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Are You Hiring a Reactive or Strategic Recruiter?

by Mar 7, 2002

One of my readers suggested I write an article about recruiter competencies. I hesitated to do this at first, but political sensitivity was never one of my strong points. So here goes. I’ll define “recruiter” in lose terms as someone whose primary responsibilities are:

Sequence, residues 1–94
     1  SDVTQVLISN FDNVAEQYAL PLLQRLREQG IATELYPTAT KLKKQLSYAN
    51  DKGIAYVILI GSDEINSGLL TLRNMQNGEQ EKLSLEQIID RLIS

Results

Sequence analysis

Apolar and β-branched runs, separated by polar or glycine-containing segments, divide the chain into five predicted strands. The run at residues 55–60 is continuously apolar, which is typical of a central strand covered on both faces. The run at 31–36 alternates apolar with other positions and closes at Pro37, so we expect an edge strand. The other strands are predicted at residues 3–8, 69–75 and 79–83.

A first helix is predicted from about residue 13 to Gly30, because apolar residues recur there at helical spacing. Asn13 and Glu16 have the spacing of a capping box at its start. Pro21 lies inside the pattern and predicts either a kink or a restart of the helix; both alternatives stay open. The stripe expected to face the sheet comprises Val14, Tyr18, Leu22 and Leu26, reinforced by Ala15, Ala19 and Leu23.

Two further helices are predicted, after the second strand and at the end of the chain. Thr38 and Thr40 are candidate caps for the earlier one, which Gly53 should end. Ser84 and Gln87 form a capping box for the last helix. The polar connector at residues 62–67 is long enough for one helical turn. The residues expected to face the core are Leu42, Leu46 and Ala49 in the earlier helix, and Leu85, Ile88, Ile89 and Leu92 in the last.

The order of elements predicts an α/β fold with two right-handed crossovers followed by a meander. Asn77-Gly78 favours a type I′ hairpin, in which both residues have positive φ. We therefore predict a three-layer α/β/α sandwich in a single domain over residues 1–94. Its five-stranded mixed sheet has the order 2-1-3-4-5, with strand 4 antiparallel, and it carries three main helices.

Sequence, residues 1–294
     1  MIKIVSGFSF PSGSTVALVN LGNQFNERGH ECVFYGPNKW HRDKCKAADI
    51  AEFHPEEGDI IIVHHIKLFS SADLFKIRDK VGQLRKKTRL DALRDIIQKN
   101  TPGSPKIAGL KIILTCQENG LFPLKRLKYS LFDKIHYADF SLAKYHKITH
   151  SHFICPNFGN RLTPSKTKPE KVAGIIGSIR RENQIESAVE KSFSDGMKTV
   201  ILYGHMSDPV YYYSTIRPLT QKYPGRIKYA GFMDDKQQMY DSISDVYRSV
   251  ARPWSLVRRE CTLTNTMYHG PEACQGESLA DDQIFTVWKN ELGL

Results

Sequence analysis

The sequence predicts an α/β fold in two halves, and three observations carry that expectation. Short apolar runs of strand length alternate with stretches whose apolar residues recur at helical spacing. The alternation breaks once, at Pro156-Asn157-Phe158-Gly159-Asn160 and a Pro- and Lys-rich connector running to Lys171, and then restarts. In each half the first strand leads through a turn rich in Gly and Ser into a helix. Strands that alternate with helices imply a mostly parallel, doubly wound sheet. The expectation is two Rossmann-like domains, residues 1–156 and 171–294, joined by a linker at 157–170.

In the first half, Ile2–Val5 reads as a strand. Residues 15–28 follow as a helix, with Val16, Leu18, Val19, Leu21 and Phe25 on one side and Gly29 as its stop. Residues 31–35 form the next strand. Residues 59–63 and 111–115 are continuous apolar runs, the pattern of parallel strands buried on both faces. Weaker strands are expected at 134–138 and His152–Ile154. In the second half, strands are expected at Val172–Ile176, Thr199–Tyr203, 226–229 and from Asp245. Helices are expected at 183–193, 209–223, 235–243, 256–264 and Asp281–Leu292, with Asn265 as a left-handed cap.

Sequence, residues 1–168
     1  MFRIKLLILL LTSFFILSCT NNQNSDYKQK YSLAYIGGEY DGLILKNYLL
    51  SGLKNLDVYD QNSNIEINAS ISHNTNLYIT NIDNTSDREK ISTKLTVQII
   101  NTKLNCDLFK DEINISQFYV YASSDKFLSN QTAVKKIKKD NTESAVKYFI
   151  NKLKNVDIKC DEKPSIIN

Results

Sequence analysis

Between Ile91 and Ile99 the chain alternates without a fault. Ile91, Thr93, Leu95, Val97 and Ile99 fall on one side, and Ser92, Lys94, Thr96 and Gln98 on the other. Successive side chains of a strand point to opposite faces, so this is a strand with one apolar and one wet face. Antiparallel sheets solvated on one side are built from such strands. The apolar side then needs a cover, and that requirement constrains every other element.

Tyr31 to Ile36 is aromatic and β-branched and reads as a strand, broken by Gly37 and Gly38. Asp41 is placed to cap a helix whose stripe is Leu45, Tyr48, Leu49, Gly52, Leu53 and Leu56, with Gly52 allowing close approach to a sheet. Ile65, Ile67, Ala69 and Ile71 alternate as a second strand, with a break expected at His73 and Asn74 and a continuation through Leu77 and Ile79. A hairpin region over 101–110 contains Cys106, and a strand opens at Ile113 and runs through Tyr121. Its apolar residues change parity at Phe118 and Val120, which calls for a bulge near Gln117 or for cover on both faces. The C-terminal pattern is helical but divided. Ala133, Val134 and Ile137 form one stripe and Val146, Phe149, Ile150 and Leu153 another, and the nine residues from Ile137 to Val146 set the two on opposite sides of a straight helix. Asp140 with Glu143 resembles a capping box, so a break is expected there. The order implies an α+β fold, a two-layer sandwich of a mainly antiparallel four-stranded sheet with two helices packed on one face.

• Identifying job requirements
  • Finding candidates
  • Assessing candidate skills
  • “Selling” the organization